Sue Robb of 4Children talks to Julie Laughton and Alison Britton from the Department for Education about the role of childminders in delivering the 30 hours free entitlement.
BBC takes on funding over 75s TV licences
Secretary of State for Culture, Media and Sport, John Whittingdale MP, said: “The BBC is a world-class broadcaster and a cultural institution producing some of the best television and radio in the world. However as a publicly-funded institution, it also needs to make savings and contribute to what we need to do to get our country’s finances in order.
“I welcome the BBC’s commitment in reaching this funding agreement, which is an important issue for its own future. I look forward to discussing the full range of issues over the course of the Charter Review period, and will be making an announcement about the process for the Review in due course.”
The following has been agreed with the BBC:
- The government will bring forward legislation in the next year to modernise the licence fee to cover public service broadcast catch-up TV.
- The government will reduce the broadband ringfence to £80m in 2017/18, £20m in 2018/19, £10m in 2019/20 and £0m in 2020/21.
- The government anticipates that the licence fee will rise in line with CPI over the next Charter Review period, subject to: (a) the conclusions of the Charter Review, in relation to the purposes and scope of the BBC; and, (b) the BBC demonstrating that it is undertaking efficiency savings at least equivalent to those in other parts of the public sector.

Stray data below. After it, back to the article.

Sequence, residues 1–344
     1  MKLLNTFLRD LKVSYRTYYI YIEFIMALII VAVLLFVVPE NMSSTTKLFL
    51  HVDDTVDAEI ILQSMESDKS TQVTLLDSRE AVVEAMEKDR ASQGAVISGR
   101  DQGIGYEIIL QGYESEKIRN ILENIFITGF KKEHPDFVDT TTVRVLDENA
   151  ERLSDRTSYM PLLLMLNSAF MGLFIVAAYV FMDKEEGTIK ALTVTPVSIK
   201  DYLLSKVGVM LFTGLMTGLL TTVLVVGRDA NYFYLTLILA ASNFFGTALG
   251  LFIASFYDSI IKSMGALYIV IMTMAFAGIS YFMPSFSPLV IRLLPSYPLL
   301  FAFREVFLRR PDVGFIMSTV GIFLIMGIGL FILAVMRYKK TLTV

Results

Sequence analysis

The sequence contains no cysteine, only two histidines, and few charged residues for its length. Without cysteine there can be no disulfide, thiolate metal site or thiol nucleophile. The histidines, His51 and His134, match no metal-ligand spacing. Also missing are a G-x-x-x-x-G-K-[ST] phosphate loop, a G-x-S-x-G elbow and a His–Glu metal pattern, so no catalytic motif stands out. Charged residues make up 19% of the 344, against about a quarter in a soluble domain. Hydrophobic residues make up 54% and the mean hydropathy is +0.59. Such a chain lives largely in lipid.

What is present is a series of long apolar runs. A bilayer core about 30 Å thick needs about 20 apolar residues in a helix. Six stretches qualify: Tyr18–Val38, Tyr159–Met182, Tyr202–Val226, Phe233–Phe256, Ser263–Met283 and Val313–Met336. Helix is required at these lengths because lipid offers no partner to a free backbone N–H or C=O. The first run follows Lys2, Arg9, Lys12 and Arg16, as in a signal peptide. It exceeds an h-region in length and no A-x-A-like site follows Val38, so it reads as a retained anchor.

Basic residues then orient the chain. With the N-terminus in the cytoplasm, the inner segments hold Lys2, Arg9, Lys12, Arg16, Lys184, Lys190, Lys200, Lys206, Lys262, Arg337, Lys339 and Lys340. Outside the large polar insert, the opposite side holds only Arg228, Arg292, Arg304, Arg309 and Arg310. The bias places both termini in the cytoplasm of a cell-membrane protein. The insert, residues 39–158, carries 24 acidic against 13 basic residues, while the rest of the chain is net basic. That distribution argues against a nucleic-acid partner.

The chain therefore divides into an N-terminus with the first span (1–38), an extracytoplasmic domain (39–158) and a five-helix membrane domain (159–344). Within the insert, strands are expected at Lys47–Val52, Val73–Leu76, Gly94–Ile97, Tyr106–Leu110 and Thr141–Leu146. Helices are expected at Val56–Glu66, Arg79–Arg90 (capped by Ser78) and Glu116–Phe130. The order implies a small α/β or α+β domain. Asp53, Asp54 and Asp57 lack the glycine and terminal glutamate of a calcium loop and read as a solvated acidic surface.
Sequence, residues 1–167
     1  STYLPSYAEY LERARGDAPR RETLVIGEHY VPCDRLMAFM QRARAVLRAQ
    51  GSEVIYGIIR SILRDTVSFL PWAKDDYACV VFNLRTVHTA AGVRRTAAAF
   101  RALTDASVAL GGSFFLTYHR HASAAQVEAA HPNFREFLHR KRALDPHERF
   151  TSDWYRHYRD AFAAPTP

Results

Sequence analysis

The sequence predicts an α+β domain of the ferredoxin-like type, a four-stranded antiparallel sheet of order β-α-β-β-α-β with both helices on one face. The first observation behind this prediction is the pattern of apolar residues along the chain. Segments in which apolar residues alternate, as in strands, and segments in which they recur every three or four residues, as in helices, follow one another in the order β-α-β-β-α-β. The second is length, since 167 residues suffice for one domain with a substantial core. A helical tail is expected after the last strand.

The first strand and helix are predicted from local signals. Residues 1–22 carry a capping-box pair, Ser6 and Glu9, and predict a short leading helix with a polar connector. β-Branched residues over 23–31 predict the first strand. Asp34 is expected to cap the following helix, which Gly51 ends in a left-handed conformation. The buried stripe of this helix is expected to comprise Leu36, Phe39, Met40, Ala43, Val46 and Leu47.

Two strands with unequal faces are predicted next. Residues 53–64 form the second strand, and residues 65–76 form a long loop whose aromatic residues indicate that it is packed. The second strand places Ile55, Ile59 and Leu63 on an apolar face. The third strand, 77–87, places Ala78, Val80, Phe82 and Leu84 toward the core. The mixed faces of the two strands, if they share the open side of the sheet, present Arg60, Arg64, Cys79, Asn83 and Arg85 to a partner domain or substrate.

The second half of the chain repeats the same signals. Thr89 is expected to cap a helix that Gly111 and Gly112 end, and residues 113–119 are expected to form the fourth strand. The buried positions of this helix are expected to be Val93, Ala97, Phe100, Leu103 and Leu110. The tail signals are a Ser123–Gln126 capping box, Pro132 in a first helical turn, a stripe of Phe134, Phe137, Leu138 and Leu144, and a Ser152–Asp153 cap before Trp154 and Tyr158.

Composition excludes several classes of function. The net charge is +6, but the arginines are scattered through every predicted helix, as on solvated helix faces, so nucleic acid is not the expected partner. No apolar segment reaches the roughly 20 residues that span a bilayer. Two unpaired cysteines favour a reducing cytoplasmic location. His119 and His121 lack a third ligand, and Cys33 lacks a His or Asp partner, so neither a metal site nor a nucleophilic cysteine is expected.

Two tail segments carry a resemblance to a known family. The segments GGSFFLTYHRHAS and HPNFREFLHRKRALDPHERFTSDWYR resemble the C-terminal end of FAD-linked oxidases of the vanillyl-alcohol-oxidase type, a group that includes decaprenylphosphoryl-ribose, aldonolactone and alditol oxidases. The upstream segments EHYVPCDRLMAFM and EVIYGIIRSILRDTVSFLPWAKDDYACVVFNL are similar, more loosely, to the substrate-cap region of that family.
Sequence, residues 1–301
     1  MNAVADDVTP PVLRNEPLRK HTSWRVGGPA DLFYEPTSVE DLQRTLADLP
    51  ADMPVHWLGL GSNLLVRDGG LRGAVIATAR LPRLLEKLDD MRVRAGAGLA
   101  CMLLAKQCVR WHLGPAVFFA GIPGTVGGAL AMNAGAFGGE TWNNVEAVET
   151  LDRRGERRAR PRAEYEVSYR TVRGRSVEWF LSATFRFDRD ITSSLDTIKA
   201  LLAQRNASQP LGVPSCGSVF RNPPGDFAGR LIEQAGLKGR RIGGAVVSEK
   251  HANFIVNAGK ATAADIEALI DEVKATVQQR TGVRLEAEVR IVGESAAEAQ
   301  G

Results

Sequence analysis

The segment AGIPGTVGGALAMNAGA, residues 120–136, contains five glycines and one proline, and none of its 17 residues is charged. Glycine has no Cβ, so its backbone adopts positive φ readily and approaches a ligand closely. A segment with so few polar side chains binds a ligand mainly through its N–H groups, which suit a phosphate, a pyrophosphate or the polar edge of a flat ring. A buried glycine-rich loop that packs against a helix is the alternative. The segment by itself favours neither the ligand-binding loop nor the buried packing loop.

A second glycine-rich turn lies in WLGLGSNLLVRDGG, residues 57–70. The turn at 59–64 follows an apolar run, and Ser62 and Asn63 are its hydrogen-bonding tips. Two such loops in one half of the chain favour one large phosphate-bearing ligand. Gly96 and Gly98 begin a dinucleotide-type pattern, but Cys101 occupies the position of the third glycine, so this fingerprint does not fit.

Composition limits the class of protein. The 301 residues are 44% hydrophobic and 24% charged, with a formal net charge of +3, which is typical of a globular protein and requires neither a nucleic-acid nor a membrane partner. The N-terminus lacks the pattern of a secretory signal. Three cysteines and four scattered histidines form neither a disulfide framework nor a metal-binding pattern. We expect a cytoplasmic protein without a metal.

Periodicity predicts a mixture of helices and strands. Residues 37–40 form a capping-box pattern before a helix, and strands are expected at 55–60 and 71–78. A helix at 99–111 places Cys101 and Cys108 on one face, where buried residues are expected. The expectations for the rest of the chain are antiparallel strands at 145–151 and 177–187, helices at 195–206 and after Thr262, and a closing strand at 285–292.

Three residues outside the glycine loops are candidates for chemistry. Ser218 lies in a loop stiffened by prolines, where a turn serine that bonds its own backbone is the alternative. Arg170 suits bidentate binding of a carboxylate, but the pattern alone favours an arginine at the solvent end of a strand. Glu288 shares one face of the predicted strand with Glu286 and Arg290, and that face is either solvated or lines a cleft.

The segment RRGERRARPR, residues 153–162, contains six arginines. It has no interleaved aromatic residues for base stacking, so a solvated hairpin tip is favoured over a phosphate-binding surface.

- The government will consider carefully the case for decriminalisation in light of the Perry Report and the need for the BBC to be funded appropriately – no decision will be taken in advance of Charter Review.
Tony Hall, Director-General of the BBC, said: “We have secured the right deal for the BBC in difficult economic circumstances for the country. This agreement secures the long term funding for a strong BBC over the next Charter period. It means a commitment to increase the licence fee in line with inflation, subject to Charter Review, the end of the iPlayer loophole and the end of the broadband ringfence. In the circumstances, the BBC has agreed take on the costs for free licence fees for over-75s, and after the next parliament, will take on the policy.”